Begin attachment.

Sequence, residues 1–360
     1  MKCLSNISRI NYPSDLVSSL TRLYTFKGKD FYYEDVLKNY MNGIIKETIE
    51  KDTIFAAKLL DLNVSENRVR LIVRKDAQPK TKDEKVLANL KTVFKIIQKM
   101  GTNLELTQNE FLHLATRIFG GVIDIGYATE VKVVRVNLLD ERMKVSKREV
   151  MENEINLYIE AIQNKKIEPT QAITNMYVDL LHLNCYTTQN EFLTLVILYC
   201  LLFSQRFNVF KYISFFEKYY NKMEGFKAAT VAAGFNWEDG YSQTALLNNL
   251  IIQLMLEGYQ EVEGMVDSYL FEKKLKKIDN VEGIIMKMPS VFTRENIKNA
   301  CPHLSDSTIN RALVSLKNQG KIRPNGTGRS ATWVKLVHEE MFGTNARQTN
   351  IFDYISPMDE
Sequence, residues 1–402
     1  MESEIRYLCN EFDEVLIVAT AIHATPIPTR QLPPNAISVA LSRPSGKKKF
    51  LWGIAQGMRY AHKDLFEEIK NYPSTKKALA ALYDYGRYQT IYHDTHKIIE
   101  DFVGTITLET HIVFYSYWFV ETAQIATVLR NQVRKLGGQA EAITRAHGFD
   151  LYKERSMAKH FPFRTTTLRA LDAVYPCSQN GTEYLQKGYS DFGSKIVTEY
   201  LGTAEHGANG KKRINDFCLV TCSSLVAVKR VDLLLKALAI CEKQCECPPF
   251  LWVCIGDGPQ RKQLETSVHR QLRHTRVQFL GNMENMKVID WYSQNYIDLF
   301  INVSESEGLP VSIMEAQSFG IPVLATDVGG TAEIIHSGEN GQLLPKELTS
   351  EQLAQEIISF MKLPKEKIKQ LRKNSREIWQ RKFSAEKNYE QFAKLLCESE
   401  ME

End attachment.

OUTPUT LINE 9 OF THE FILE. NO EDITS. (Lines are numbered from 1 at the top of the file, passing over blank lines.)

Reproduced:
   351  IFDYISPMDE